A glimpse by Classical Thinkers

The debate about whether sociology is endowed with value or objectivity is based on the assumption that the existence of one necessarily implies the absence of the other. The positivist approach assumes that social science is possible. Therefore, objective observation and analysis of social life are possible. 

The objective point of view is not affected by the observer’s values, moral judgments, and ideology. It provides explanatory facts and frameworks that are not affected by the observer’s feelings and opinions. Many founders of sociology believe that sociology can and should not have values. Comte and Durkheim believe that it is possible to conduct scientific research on social facts in a value-neutral way. 

Methodological dualism proposes that the knower and the known person can be separated. Therefore, social research can be objective and value-neutral. However, more and more sociologists believe that a valueless social science is impossible, pointing out that the sociologist’s choice of research topics, research fields, and hypothesis design depends on his or her conditions (education and family)). 

Marx lived among the oppressed that is why he wrote Das Kapital. While Weber believed that bureaucracy runs counter to human freedom; therefore, he wrote about bureaucracy.

 Marxists and feminists have shown that they value inequality. Guldner said that sociologists must have values ​​and must be open to values so that others can decide for themselves how much values ​​have influenced their research. In short, objectivity attempts to eliminate values, which is an arduous task that is difficult to accomplish when dealing with humans. But sociologists claim that these prejudices and subjectivity can be reduced through training.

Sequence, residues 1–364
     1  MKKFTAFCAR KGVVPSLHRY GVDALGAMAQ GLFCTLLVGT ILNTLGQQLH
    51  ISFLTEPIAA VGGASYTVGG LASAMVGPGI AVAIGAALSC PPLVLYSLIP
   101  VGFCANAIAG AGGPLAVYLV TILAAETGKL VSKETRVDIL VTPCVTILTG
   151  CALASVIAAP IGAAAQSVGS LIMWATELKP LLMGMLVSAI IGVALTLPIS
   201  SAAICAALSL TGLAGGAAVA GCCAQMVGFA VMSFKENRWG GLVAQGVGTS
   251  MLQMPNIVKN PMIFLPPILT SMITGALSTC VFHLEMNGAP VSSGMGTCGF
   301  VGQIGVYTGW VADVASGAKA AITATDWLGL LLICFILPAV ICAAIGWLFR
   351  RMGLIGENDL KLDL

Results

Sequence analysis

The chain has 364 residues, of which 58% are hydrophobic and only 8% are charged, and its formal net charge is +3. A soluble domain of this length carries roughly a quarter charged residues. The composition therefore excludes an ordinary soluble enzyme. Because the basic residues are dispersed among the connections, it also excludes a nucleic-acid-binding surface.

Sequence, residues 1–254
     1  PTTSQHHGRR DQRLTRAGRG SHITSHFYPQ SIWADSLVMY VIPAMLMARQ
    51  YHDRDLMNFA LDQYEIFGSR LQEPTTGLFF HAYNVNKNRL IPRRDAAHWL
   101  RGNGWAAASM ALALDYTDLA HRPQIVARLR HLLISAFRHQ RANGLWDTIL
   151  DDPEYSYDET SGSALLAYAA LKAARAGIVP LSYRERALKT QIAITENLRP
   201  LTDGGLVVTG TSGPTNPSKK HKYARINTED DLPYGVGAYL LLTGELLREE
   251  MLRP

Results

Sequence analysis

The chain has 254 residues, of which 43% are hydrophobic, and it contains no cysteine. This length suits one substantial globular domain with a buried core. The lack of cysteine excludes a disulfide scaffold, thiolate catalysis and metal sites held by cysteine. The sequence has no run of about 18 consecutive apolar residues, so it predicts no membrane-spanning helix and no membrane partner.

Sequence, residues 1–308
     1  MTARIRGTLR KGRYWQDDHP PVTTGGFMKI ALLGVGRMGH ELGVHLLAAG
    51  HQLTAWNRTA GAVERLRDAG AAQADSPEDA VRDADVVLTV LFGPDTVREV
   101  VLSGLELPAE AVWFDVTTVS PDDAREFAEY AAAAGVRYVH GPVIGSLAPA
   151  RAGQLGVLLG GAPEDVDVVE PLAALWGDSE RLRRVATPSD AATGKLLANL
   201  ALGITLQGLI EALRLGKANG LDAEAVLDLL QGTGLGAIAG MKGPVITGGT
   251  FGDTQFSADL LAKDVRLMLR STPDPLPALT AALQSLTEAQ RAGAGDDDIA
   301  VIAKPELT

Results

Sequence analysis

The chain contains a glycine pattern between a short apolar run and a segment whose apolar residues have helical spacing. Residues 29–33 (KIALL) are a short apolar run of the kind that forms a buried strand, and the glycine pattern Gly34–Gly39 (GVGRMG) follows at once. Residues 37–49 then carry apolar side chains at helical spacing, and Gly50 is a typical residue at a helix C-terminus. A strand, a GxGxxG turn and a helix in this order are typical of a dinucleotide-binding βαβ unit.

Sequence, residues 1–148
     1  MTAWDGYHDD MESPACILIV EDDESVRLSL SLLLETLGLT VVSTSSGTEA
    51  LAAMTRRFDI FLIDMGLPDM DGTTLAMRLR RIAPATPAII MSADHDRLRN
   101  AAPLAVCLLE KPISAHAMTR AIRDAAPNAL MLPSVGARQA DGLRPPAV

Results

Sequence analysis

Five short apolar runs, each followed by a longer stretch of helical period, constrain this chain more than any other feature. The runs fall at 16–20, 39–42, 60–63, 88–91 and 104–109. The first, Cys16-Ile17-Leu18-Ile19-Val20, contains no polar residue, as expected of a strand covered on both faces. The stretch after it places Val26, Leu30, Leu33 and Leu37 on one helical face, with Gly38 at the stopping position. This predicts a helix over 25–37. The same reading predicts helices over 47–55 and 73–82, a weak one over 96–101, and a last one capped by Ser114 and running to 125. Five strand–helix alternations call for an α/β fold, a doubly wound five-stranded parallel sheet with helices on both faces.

Contemporary researchers pay due attention to objectivity but at the same time admit that trying to eliminate the impact of value from their research is futile.

 For example, Anthony Giddens said that structure is largely seen as an objective and social action, as a deliberate or value-filled behavior, two aspects of the same coin and cannot exist independently.

Facts

Generally speaking, facts are regarded as certain things or things that happen or are right. According to one view, facts are based on empirical observations. In other words, the fact is a correct observation. According to the Oxford Concise Dictionary facts, are the facts of events, correct statements, empirical problems, the truth of the situation, and the conclusions of certain real observations or phenomena. Therefore, facts are true and are the actual elements of the event. According to Durkheim, social facts do exist- religion, customs, and beliefs.

Objectivity

Research that focuses on the subject and does not cause prejudice is called objective research. In objective research, objects are observed and described as they are, without exaggeration or reduction. In objective research, reasoning and intelligence are more important than beliefs.

Value The term value in sociology has no economic connotation. Courage is a generalized abstract behavioral principle expressed in social norms, and group members feel a strong commitment to it. Science means selflessness; scientific inquiry/investigation presents the facts as they are and, scientists have an ethical responsibility to provide discoveries without prejudice or prejudice. The bottom line is that science, especially sociology, must be worthless, and research must be objective and fair.

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